27 July 2023
The UK Government set out plans for artificial intelligence (AI) regulation in a white paper released by the Department for Science, Innovation and Technology earlier this year. With the UK “frequently ranked third in the world” across several measures in the Global AI Index, the UK is positioning itself to become a global leader in AI technologies.
The paper sets out a regulatory framework aimed at driving growth, increasing public trust in AI, and strengthening the UK’s position as global leader in AI.
From the perspective of AI innovators including startups and SMEs, increased regulation might be unwelcome news at first, posing potential threats to their agility and freedom to innovate. However, the white paper recognises the need to take a pro-innovation approach that allows UK-based companies to remain competitive in a global market and incentivises overseas AI businesses to establish themselves in the UK.
The paper recognises that although the use and creation of AI is currently regulated through some existing frameworks, such as the MHRA guidance published in 2022 for AI and software used in medical devices, “AI risks arise across, or in the gaps between, existing regulatory remits.”
In light of the pace at which AI technologies are evolving, the government is not yet proposing new legislation, but is setting out a framework including various support and monitoring functions that in time are likely to be formalised.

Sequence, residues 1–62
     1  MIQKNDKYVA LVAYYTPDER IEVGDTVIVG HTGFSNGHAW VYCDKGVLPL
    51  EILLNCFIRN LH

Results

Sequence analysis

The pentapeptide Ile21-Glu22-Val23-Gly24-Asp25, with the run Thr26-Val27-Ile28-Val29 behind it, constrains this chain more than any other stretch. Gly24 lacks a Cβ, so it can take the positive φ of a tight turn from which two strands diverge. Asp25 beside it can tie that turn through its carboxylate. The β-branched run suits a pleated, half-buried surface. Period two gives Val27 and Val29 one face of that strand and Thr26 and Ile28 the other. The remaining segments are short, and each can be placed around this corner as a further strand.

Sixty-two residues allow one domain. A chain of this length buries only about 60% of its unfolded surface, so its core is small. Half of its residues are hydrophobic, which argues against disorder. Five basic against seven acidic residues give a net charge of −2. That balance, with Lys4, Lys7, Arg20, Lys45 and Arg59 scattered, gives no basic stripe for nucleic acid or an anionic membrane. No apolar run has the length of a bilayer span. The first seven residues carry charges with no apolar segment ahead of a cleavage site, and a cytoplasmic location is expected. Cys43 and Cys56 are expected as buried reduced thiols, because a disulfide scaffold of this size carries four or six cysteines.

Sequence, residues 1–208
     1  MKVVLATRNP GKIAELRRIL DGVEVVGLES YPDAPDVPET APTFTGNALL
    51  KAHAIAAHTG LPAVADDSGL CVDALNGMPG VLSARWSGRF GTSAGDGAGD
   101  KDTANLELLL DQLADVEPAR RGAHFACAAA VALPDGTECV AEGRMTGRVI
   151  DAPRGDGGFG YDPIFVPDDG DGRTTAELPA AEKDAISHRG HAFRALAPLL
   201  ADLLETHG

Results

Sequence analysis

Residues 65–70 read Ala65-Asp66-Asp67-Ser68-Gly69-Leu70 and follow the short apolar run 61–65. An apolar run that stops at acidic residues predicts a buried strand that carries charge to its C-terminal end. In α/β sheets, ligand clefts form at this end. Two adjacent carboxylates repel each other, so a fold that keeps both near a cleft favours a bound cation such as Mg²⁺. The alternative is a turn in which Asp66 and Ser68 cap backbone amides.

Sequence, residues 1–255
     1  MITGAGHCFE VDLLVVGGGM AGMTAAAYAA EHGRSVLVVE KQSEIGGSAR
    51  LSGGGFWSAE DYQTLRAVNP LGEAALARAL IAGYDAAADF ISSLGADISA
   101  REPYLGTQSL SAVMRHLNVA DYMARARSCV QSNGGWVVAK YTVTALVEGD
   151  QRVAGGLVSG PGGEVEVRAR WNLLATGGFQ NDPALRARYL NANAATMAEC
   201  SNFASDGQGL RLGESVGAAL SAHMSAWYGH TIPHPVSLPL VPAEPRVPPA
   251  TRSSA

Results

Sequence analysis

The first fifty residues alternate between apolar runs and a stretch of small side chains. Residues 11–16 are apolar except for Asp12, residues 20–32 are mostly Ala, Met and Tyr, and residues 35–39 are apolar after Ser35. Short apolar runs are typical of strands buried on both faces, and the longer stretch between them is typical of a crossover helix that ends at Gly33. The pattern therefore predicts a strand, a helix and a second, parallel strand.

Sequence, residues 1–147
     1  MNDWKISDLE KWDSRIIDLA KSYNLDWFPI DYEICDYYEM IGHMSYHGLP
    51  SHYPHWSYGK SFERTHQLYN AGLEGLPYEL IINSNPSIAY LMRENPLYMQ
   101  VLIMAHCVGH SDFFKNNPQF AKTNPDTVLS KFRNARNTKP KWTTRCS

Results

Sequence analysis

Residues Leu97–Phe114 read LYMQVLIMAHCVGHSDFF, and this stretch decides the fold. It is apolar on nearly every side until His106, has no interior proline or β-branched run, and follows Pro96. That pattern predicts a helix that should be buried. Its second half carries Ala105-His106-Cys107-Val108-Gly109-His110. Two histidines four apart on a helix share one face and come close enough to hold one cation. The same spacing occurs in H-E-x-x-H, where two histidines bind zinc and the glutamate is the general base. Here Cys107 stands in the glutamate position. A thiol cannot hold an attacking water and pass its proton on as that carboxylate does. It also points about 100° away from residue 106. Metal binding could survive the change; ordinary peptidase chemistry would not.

Although light on detail at this stage, the proposed framework includes support such as AI testbeds and sandboxes to assist innovators in getting products to market and navigating the regulatory ecosystem, targeted at startups and SMEs in particular. This is in addition to existing tax relief schemes and other support proposed in the UK Government’s digital strategy paper last year.
The pilot sandbox scheme will initially focus on a single industry sector where there is a “high degree of AI investment (…) and appetite for improved collaboration between regulators.” The pilot industry sector has not yet been named, but sectors such as healthcare, fin-tech and automotive seem to be natural candidates, and it will be interesting to see where this initiative is rolled out first.
Although this paper does not directly deal with intellectual property rights for AI technologies, it emphasises that blanket rules will not be made for specific technologies, sectors or applications of AI. Instead, regulation will focus on “the use of AI rather than the technology itself.” Separate guidance is due to be released this summer from the UKIPO regarding the interaction between copyright and generative AI.
Indeed, the proposals and principles set out in this white paper are likely to have wider implications on AI patenting activity. For example, new regulation may present opportunities to solve new problems in innovative technical ways, for example relating to security, safety and explainability.
In addition, through requirements for greater accountability and transparency, we may see more innovators looking to patent their AI technologies if relying on closed-model software or trade secrets/know-how becomes less viable in this field.
Overall, the white paper appears to be positive news for AI innovators and is unlikely to hinder AI patenting activity in the foreseeable future. We look forward to developments in this area, and in particular to how the UK’s approach will align with the more developed EU AI Act proposal.
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